Pacific Asset Management: How small marketing teams can compete with an Apple mentality

Alex Sword


The Financial Services Forum

Smaller marketing teams should adopt a Silicon Valley mentality to compete with bigger players, says the CMO of Pacific Asset Management (PAM).

Simon Lowans, who was recently promoted from Head of Marketing to CMO at the boutique manager, says the firm is taking lessons from the likes of Apple and Tesla to stay agile and competitive.

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In a market dominated by behemoths where consolidation is increasing, PAM positions itself as a determinedly boutique firm. Their investment teams run around £4.2 billion in AUM for clients globally . The key priority recently has been the launch of a new credit fund, which fuses proprietary quantitative research, with very active trading in liquid, high grade credit with the aim to consistently find and exploit bond mis-pricings to generate alpha.

Simon, who brings experience from GAM and Lloyd’s of London, says that this intentional challenger mindset underpins much of his approach to marketing at the firm.

The brand is built around the philosophy of “move forward”, an organisational mentality reflected throughout everything the firm does with investments, clients, culture, innovation and technology.

The approach aims to cut through in a market where it is hard to differentiate on product alone.

“Having a strong brand is so important – not just the visuals, but what you stand for as a business. We didn’t want to go down the traditional asset management route of blue. There’s no point in being the same.”

One of the advantages PAM has a smaller player is that it can offer a genuinely personalised experience.

“The objective is to ensure clients and investors know who we are as people. As a smaller firm we have the ability to do that.

“We don’t want to lose that small personalised experience that clients benefit from.”

The objective is to be seen not just as an asset manager providing products, but “a bunch of super bright, innovative people who like solving problems.” This is showcased through the firm’s regular communications, and will be furthered through the podcast the firm is launching in Q4.

As well as personalisation, being smaller has other advantages. As a privately owned company and a boutique firm, PAM is unencumbered by legacy.

“Giants can’t jump – we’re smaller and agile and we definitely can.”

Simon cites US tech titans Apple and Tesla as an inspiration here.

“You never see the news announcement about Apple’s homepage rebrand because they’re constantly developing it.”

The Silicon Valley mindset is also reflected through the firm’s emphasis on short-term goals rather than long-term strategic plans.

While the firm of course has long-term ambitions, a key tenet of Simon’s approach is focusing on constant delivery on short-term targets.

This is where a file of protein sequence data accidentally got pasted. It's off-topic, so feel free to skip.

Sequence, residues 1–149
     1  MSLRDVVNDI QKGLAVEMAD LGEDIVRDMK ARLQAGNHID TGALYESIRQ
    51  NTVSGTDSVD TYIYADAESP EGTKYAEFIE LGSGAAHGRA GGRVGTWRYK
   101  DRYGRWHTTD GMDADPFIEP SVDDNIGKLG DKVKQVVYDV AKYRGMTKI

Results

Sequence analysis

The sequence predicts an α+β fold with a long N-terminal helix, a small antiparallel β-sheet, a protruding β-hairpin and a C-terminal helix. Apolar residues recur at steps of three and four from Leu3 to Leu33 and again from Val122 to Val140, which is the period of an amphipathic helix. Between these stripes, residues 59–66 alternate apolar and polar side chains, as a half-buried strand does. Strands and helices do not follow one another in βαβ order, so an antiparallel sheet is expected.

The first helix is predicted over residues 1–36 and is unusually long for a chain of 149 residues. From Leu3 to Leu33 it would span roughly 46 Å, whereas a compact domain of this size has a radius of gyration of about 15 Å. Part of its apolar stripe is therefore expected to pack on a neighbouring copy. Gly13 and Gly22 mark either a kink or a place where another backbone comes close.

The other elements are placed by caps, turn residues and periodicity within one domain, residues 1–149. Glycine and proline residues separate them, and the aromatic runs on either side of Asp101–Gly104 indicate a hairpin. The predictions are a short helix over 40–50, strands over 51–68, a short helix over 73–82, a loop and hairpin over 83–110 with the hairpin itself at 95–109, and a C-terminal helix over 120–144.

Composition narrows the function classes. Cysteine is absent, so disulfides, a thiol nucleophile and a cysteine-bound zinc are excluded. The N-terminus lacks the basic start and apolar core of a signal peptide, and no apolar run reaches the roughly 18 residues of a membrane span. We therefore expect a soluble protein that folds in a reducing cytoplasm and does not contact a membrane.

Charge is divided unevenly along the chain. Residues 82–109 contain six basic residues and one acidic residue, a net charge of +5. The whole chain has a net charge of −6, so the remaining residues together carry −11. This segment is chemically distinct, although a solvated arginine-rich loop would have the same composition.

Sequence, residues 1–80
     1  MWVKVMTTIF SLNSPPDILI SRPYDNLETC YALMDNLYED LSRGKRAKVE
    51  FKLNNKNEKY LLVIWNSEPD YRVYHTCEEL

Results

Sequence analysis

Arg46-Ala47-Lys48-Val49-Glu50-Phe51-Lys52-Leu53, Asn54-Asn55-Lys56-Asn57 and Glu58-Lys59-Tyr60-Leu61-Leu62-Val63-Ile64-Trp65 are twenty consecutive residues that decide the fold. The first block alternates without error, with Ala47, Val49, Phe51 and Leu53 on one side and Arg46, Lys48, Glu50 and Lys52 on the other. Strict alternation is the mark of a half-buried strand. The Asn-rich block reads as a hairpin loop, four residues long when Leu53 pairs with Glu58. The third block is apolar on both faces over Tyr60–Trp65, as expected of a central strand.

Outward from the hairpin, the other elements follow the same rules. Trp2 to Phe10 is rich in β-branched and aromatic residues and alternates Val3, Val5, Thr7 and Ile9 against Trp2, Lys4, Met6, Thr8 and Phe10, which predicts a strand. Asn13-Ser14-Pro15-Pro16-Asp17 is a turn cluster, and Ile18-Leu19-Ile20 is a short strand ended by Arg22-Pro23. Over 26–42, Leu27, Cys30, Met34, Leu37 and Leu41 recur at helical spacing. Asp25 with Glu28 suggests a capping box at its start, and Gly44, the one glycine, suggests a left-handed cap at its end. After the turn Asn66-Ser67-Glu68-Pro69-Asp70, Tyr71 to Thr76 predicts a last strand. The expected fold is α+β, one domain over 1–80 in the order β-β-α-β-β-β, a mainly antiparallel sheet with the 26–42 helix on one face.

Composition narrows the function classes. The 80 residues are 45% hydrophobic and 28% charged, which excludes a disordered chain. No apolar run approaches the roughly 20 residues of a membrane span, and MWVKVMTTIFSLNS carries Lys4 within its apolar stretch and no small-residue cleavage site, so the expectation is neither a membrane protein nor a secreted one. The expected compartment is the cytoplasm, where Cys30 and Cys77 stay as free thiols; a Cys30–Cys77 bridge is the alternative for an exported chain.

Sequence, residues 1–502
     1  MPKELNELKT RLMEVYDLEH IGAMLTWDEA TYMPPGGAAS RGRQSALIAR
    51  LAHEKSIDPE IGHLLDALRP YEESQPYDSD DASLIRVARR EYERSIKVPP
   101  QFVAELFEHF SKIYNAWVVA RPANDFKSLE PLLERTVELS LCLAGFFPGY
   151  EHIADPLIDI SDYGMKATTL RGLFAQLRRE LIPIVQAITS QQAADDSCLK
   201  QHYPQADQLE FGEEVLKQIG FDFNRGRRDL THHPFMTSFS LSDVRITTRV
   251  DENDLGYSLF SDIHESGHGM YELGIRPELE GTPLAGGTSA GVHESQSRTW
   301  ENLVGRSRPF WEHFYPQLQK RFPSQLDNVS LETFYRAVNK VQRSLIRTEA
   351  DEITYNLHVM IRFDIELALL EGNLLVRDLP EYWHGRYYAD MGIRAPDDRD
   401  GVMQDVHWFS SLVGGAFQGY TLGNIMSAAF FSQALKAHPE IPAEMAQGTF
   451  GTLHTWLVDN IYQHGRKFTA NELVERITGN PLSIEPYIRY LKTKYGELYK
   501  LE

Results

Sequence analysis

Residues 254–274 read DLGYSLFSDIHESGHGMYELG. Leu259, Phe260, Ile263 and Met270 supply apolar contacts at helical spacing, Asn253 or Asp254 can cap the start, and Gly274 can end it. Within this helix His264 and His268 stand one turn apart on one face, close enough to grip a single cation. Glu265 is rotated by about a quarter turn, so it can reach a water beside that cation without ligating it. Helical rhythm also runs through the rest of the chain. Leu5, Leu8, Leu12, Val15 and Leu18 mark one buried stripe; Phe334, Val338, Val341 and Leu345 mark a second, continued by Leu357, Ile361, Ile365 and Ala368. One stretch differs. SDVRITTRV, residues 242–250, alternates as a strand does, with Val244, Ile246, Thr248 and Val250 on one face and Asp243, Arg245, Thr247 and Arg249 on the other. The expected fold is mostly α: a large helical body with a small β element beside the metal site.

“For me, it’s a marketing strategy that constantly delivers on the firm’s goals – long-term thinking, but based around small objectives that you can get done quickly and continue to grow.

“Technology just changes so quickly. The longer term projects can quickly get derailed, bogged down or be very hard to implement.”

He cites the example of Apple again, as well as another US tech titan, the electric car company Tesla.

“Tesla doesn’t wait until the battery can get you 700 miles [before launching a car]. Apple produces incredible products all the time, they don’t wait for them to be perfect.”

He says, for example, that this could mean implementing a digital tool that does 10 things but not the total 15 that it could.

“There’s no point in not releasing that, because it’s still a very powerful tool that people can use.”

Running a smaller marketing team also requires the firm to think about how automation can be used to achieve the same results as a bigger team.

There are resources that the team has to produce on a regular basis, which would be impossible if done manually but hugely expensive to outsource. There is strong technology and quant expertise within the business which has allowed the company to create powerful automation tools.

By linking InDesign to the firm’s database, the team can produce factsheets in “about two seconds”. PAM used this initially for themselves, but then offered it as a service for clients, allowing them to produce strategy sheets and advisor materials.

With automation a key consideration, Simon thinks carefully about the skill sets of his teams. The team has very diverse skill sets, but these are future-proofed rather than focused on particular channels such as live events.

Outsourcing is also key to being able to handle the many demands. For example, PR is outsourced to a trusted partner, while a digital agency works on keeping the website fresh and on-brand.

“We’re a fresh, progressive, innovative asset manager trying to rethink how it’s done,” Simon summarises, adding that the firm “does things differently for the right reasons”.

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